# Conservative extension

## From Wikipedia, the free encyclopedia

In mathematical logic, a **conservative extension** is a supertheory of a theory which is often convenient for proving theorems, but proves no new theorems about the language of the original theory. Similarly, a **non-conservative extension** is a supertheory which is not conservative, and can prove more theorems than the original.

More formally stated, a theory $T_{2}$ is a (proof theoretic) conservative extension of a theory $T_{1}$ if every theorem of $T_{1}$ is a theorem of $T_{2}$, and any theorem of $T_{2}$ in the language of $T_{1}$ is already a theorem of $T_{1}$.

More generally, if $\Gamma$ is a set of formulas in the common language of $T_{1}$ and $T_{2}$, then $T_{2}$ is $\Gamma$**-conservative** over $T_{1}$ if every formula from $\Gamma$ provable in $T_{2}$ is also provable in $T_{1}$.

Note that a conservative extension of a consistent theory is consistent. If it were not, then by the principle of explosion, every formula in the language of $T_{2}$ would be a theorem of $T_{2}$, so every formula in the language of $T_{1}$ would be a theorem of $T_{1}$, so $T_{1}$ would not be consistent. Hence, conservative extensions do not bear the risk of introducing new inconsistencies. This can also be seen as a methodology for writing and structuring large theories: start with a theory, $T_{0}$, that is known (or assumed) to be consistent, and successively build conservative extensions $T_{1}$, $T_{2}$, ... of it.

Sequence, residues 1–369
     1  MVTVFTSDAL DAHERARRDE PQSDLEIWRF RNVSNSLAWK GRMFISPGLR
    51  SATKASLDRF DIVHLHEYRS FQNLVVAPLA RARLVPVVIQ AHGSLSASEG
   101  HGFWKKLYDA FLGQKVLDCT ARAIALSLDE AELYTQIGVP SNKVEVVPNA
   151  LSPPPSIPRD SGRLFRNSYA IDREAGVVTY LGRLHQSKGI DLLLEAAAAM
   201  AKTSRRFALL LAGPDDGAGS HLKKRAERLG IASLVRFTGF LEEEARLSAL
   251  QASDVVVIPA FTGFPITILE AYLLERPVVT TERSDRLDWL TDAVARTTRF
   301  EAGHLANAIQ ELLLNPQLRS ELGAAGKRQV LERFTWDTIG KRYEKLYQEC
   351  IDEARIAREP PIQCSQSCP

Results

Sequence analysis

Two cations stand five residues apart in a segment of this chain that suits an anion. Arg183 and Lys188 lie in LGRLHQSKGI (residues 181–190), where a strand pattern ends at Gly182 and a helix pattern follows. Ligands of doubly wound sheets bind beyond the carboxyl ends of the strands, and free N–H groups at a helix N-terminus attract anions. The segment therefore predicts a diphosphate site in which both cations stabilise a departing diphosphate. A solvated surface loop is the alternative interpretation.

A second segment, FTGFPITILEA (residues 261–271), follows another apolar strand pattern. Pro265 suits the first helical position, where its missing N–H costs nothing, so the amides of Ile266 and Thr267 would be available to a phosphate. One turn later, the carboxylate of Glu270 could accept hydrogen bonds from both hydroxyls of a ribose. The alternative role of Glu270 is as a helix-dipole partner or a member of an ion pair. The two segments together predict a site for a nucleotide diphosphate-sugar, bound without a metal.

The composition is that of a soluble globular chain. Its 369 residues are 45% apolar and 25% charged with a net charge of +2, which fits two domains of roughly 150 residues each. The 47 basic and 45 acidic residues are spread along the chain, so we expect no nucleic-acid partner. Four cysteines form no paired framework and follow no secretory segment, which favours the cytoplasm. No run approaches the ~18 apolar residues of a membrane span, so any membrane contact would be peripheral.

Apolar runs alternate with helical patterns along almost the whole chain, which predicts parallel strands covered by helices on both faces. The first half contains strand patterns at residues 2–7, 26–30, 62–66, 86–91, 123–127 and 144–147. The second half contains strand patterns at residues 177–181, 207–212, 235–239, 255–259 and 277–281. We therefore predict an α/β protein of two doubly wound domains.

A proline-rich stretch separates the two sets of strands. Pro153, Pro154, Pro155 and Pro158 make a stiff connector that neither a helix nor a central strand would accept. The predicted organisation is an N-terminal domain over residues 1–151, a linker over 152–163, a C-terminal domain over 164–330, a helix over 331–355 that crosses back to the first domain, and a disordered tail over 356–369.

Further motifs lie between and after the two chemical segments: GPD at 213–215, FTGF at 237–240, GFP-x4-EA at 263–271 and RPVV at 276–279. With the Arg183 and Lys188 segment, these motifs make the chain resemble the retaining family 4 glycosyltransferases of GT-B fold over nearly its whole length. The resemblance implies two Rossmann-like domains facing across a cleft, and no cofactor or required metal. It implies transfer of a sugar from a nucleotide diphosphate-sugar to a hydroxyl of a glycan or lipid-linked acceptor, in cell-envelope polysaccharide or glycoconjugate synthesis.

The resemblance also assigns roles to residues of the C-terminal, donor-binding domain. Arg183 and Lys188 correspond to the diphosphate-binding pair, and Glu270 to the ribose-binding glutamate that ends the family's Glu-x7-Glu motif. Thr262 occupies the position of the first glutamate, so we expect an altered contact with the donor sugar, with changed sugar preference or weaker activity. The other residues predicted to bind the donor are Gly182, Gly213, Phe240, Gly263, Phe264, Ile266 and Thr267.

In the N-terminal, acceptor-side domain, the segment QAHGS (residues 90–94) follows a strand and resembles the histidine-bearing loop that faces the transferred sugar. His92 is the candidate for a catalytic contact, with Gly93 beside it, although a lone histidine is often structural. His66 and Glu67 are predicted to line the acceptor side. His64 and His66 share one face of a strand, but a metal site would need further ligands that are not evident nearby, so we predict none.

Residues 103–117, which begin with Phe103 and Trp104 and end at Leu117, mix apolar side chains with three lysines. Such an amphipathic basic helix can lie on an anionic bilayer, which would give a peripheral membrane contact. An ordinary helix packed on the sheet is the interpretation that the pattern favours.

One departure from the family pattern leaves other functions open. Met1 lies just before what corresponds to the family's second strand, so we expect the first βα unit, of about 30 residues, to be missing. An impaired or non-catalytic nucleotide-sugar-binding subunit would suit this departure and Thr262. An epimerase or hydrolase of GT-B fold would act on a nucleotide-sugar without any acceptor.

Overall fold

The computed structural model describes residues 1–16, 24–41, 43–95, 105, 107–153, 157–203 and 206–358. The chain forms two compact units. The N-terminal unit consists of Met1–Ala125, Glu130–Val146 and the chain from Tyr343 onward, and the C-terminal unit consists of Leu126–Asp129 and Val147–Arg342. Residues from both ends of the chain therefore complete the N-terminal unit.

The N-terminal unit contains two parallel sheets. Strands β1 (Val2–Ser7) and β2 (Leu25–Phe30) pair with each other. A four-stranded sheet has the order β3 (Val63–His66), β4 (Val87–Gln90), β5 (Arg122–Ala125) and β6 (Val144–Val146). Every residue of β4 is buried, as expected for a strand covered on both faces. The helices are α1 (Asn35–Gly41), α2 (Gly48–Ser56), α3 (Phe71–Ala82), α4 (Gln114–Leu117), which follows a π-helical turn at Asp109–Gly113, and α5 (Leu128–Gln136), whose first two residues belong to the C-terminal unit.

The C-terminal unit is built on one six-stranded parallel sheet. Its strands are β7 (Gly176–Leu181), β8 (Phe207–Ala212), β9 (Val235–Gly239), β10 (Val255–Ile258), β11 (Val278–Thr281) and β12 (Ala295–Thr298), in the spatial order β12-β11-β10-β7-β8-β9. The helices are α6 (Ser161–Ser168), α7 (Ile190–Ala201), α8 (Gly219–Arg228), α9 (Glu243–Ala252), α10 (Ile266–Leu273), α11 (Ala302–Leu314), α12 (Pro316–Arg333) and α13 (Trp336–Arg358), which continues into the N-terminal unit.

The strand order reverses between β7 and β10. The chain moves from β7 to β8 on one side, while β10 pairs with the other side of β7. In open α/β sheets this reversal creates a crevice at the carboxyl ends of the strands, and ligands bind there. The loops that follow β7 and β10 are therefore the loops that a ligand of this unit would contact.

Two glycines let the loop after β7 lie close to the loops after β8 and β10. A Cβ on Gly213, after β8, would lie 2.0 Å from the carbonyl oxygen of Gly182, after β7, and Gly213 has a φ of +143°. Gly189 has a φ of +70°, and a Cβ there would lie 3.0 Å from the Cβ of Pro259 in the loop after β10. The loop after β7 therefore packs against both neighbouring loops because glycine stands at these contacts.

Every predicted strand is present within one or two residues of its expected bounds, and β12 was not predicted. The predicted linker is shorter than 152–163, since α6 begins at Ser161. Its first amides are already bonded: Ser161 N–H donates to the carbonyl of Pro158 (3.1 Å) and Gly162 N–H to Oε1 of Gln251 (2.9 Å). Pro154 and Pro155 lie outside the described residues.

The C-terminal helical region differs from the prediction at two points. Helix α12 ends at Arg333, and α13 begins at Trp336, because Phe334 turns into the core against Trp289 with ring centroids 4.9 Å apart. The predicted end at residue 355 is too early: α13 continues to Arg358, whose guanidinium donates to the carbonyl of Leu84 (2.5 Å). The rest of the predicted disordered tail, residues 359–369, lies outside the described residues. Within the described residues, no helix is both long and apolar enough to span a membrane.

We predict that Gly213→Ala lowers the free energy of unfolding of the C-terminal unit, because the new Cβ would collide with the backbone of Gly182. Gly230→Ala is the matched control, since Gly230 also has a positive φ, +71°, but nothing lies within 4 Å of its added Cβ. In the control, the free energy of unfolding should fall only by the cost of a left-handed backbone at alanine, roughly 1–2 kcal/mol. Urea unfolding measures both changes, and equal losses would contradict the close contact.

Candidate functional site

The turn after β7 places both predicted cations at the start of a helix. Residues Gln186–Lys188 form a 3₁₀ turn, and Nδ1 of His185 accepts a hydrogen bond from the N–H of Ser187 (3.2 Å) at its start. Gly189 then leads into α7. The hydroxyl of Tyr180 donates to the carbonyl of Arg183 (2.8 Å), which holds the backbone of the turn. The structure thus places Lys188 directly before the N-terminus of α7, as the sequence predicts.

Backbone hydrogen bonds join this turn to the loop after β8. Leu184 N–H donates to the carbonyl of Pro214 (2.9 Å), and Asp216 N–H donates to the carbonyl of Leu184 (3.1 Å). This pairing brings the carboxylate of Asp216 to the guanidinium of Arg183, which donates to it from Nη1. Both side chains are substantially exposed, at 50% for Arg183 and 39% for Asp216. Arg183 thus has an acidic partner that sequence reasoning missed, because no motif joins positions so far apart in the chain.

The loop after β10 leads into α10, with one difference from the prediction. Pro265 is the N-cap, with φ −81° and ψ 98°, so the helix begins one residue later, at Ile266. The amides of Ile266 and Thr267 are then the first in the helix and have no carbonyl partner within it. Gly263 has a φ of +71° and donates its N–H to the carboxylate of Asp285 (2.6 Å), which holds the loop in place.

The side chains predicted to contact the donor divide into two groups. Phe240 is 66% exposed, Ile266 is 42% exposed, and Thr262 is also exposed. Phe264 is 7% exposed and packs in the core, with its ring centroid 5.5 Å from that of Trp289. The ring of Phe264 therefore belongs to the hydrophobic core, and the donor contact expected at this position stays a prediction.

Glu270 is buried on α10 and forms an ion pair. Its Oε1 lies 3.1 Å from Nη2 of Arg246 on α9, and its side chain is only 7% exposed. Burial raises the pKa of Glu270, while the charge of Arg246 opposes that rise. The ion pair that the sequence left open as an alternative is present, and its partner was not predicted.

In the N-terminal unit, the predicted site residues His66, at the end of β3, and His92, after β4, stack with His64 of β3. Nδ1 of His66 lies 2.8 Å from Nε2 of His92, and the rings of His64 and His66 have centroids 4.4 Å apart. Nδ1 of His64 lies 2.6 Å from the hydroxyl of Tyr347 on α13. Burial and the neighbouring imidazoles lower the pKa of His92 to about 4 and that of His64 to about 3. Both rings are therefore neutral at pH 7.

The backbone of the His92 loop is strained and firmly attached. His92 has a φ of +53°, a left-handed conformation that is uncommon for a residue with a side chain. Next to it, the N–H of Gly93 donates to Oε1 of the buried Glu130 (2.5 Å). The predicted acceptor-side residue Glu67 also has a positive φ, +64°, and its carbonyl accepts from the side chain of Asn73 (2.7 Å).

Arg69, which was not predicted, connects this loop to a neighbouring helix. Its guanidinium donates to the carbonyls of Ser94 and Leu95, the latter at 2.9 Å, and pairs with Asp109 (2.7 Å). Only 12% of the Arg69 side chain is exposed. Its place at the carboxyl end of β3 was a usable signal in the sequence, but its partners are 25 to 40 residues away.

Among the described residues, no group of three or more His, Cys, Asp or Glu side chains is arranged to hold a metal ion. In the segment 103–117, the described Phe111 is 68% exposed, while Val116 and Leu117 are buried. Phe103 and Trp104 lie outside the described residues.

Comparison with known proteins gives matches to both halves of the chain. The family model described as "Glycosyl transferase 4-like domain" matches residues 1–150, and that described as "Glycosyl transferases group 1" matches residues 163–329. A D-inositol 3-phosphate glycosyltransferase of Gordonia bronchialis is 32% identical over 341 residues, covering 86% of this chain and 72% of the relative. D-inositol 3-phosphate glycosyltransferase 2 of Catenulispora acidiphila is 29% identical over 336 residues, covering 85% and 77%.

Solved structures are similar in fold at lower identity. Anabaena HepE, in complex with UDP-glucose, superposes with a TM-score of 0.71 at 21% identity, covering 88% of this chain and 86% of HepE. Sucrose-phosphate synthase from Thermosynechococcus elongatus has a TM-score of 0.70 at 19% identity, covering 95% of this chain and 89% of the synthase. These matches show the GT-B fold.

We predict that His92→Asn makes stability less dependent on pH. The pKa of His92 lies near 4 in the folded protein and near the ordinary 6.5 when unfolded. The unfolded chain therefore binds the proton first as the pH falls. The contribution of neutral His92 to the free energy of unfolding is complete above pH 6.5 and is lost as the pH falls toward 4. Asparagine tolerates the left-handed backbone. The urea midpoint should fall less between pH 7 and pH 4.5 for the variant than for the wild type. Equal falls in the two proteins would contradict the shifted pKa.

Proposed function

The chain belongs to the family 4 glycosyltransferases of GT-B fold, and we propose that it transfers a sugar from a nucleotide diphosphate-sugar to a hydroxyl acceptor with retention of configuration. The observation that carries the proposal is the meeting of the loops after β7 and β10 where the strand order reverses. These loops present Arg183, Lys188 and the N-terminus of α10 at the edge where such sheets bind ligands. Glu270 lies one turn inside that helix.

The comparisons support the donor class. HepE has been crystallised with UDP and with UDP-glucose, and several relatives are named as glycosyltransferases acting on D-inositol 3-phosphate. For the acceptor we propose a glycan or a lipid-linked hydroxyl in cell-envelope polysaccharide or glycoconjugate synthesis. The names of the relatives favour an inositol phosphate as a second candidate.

Recently, conservative extensions have been used for defining a notion of module for ontologies^{[citation needed]}: if an ontology is formalized as a logical theory, a subtheory is a module if the whole ontology is a conservative extension of the subtheory.

An extension which is not conservative may be called a **proper extension**.